Yes, I am but I rarely put, Load or Re-Load, into my CD player (though I do like them) and I never play St. Anger. They just don’t have the innovative style of the first four albums. I listen to Metallica a lot though. I think it’s time they brought out a killer live album too. For the record, I really liked Death Magnetic and the recent EP is a stomper too but let’s not talk about Lulu. I suppose it’s good they got it out of their systems but I’d really love to see these guys going back to super-quick and sharp three to four minute thrash songs rather than the six minute yawn-fests they’ve subjected to us in the past 20 years.
What’s your own favorite Metallica anecdote or memory?
I don’t really have any; I’m just a geeky metal fan. I think they’re an amazing live band and when I saw them last time in Manchester here in England they were insane. I’ve spoken to a lot of guys that knew the band back in the ’80s and it’s their stories that form the basis of the book. The story of Lars Ulrich flying to England to see his favorite band Diamond Head perform is a pretty cool story. He had nowhere to stay so he kipped at Brian Tatler’s house.
Has some of the ridiculous shit that Metallica’s done in the last decade-plus tarnished their legacy, or made people better appreciate how amazing those first four albums are?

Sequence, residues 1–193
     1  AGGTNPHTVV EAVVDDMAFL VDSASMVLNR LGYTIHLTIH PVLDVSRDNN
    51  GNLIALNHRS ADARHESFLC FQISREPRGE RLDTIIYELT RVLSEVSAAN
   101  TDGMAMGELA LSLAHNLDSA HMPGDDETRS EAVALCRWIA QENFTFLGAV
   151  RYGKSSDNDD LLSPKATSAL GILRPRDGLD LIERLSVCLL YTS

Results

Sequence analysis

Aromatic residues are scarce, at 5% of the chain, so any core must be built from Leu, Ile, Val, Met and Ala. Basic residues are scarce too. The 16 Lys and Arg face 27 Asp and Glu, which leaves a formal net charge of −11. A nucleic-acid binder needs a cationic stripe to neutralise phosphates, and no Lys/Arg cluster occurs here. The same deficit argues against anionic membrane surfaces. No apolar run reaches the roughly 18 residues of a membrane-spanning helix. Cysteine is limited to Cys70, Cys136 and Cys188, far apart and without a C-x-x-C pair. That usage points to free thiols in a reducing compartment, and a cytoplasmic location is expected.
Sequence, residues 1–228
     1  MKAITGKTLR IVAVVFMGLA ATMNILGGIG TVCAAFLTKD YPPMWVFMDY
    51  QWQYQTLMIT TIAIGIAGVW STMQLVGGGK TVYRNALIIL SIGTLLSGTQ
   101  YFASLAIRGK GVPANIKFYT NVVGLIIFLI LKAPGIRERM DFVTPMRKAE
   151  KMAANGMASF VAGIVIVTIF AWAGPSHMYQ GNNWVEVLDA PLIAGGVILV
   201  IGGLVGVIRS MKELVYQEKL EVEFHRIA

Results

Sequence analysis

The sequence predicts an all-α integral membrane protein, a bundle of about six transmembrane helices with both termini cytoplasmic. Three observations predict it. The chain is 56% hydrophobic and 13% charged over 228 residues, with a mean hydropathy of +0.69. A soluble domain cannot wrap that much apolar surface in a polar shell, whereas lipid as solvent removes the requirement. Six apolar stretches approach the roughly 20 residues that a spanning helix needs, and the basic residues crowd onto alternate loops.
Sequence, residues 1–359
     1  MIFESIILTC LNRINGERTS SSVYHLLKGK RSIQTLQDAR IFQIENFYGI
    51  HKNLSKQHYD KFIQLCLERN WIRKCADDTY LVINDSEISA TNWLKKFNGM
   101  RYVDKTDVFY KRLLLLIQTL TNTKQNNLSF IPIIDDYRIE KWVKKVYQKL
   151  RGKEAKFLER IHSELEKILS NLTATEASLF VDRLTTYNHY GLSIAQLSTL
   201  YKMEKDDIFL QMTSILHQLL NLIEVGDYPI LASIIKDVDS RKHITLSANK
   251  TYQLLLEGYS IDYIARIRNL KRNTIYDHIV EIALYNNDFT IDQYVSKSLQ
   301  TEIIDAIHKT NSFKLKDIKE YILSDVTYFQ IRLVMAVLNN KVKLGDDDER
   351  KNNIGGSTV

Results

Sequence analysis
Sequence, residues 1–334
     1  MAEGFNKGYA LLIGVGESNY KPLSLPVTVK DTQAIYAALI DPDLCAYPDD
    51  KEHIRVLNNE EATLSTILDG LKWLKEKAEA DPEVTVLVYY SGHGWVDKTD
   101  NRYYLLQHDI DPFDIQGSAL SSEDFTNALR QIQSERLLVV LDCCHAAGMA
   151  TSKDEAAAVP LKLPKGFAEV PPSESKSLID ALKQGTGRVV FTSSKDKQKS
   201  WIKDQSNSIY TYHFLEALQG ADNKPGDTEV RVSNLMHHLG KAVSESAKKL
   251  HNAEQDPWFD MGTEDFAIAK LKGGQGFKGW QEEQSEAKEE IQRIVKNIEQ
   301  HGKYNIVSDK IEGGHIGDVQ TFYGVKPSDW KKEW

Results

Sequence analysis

Yes, I think it has made people appreciate and turn back to the first four albums which is why I think they need to make their next album as fast and loud as possible and also make the songs shorter just like the old days. It’s no surprise that after Lulu they’ve gone right back into the studio with Rick Rubin and they’re doing all this anniversary stuff for Metallica, and to celebrate 30 years of the band, etc. There’s a lot of activity this year; much of it focused on past work.
Have you ever encountered any NWOBHM musicians who are bitter that Metallica didn’t cover any of their songs?
No, I haven’t. Not yet anyway. I know from speaking to some of the NWOBHM musicians whose music has been covered that they’re very happy to receive royalty checks every now and again! I think it was a really cool thing for Metallica to do though; a lot of the NWOBHM bands didn’t make much money either because of rubbish contracts or simply because the scene fizzled and they didn’t have the luck Maiden had or whatever. So for them to get royalty checks from Metallica must be pretty heart-warming…and something of a relief.